If there's one component of the fiscal cliff that should have stock market investors freaked out, it's the risk of higher dividend and capital gains taxes. If nothing is done by the end of the year, Bush-era tax cuts will expire causing the dividend income tax to surge from 15 percent to 43.4 percent. This is bad news for investors who bought dividend paying stocks for that cheap income.

One way that companies can make their shareholders happier is to dump some cash on their laps via a "special dividend" before the dividend tax goes up. "With the rates set to rise we see increased potential for liquidity events ahead of the change," wrote Goldman Sachs' Robert Boroujerdi in a September note to clients. Since the crisis, corporations have become cash rich. But with the global recovery anemic, corporate investment opportunities have been limited. And because cash offers little return these days, one of the more prudent actions for companies has been to buy back stock or offer dividends.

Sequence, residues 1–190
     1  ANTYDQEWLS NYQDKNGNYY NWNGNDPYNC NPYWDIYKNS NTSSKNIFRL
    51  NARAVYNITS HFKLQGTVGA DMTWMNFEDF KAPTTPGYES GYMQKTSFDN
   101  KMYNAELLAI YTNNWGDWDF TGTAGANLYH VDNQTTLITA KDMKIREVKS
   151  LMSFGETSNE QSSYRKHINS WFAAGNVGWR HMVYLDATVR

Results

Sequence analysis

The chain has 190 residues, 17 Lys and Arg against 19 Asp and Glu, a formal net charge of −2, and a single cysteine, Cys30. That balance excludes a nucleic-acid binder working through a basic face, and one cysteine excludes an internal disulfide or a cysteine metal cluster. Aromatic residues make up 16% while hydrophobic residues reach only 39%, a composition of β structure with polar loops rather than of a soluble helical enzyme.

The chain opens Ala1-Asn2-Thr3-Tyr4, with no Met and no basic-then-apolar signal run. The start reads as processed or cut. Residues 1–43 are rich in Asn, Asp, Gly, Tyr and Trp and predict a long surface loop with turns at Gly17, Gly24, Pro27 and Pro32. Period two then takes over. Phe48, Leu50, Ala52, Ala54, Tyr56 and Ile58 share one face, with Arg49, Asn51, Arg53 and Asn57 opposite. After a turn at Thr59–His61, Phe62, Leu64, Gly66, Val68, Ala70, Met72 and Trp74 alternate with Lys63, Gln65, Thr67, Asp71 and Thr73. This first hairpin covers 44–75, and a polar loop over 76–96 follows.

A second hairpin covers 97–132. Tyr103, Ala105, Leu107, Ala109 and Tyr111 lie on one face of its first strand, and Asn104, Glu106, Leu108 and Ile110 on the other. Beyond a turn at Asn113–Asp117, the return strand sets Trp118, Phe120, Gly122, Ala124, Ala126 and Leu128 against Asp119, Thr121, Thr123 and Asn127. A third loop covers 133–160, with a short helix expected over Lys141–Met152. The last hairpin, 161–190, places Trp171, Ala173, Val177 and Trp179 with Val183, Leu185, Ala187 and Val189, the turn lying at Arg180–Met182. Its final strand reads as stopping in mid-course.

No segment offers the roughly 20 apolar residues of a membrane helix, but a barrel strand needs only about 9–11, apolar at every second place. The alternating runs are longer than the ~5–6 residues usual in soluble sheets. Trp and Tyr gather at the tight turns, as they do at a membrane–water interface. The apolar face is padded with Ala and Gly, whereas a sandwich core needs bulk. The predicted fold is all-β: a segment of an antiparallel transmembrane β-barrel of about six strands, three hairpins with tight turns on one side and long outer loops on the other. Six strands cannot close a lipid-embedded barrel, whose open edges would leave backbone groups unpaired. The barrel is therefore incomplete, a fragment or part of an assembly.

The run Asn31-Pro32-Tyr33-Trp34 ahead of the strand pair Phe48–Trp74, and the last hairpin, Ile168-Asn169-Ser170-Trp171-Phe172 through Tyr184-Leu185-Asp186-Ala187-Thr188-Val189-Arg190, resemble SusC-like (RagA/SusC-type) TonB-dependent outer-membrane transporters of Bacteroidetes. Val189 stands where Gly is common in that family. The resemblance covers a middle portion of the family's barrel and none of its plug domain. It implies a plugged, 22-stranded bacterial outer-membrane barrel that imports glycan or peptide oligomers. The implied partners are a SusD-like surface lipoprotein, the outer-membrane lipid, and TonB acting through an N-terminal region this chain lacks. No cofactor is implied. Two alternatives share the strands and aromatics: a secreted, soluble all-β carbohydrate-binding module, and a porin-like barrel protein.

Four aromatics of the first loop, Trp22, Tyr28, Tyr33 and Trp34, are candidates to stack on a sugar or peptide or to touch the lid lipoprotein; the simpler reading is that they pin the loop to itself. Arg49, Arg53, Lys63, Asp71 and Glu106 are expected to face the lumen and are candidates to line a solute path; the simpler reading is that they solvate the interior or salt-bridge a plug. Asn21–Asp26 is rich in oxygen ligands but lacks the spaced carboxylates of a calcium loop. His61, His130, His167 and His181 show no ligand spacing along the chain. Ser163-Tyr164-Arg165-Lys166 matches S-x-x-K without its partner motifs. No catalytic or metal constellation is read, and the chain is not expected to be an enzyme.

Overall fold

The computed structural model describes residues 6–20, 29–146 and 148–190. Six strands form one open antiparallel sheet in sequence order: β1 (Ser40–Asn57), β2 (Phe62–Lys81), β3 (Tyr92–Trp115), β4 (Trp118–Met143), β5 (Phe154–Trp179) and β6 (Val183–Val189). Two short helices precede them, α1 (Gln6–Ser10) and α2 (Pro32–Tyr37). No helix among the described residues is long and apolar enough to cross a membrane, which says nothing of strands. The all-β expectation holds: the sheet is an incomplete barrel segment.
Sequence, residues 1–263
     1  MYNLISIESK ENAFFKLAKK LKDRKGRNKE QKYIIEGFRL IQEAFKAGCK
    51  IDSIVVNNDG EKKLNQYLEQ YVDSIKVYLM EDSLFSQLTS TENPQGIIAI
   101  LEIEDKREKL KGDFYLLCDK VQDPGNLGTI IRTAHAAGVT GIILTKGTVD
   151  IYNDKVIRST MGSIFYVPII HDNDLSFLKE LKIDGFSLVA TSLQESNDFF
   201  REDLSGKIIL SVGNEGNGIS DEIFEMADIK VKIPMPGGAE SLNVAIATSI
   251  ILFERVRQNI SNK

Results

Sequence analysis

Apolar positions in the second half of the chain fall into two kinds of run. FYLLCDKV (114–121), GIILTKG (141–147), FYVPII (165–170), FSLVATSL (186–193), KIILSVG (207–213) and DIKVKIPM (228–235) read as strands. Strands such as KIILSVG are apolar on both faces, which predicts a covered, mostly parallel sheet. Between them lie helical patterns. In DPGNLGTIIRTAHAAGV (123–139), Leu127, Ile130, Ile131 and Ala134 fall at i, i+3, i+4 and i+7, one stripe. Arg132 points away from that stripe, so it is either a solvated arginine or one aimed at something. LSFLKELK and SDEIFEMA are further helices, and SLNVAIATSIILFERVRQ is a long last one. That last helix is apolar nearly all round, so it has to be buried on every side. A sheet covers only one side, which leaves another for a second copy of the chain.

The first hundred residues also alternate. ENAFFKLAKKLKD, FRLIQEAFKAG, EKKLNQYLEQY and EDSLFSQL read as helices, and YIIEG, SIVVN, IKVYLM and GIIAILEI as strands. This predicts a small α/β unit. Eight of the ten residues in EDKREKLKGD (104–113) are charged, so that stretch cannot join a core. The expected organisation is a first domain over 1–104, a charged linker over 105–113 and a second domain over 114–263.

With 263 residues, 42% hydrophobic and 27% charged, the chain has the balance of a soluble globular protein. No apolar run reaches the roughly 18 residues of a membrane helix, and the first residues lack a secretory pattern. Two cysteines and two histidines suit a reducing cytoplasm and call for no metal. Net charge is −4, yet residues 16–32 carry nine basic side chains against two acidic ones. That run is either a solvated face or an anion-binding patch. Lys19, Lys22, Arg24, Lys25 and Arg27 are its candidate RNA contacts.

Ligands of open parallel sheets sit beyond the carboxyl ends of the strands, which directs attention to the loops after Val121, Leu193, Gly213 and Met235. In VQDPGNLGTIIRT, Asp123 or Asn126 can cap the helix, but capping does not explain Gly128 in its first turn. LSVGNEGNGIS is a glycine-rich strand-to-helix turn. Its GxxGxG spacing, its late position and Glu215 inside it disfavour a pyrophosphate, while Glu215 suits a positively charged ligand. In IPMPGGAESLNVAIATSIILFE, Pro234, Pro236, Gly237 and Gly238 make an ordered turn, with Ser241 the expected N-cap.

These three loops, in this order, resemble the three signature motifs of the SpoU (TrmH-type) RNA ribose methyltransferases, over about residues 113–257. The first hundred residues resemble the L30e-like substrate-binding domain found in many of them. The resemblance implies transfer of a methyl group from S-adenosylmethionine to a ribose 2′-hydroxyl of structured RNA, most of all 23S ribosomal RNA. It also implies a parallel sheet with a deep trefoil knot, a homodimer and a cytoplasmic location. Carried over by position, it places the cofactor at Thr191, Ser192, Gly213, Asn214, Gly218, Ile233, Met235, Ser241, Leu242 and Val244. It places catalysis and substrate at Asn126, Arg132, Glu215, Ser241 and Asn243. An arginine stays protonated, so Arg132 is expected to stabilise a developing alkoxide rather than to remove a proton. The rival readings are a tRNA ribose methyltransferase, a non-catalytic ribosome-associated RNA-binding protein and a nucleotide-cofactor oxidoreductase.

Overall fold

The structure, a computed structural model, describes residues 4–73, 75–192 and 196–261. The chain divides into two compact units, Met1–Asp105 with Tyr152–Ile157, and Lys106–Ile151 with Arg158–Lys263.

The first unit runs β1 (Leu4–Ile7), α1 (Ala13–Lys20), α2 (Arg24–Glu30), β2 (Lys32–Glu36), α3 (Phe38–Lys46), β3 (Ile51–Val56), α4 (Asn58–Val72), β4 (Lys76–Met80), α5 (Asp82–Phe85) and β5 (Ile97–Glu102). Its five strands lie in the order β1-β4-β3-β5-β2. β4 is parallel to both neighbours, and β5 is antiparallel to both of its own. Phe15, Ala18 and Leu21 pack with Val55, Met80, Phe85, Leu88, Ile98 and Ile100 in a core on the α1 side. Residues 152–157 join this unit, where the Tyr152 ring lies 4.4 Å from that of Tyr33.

Source: Business Insider

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1 comments

  1. dizzy7 // December 2, 2012 at 11:06 AM

    The tax rate on dividends is NOT due to go up to 43.4%. The MARGINAL tax rate on income in excess of $398,350 is what will go up to 43.4% if the Bush tax cuts expire. Unless all of your reader's (except me) are among the super-rich with incomes above $398,350, they will pay a higher tax rate on dividends but none of their earned income/dividends/capital gains will be taxed at 43.4%.

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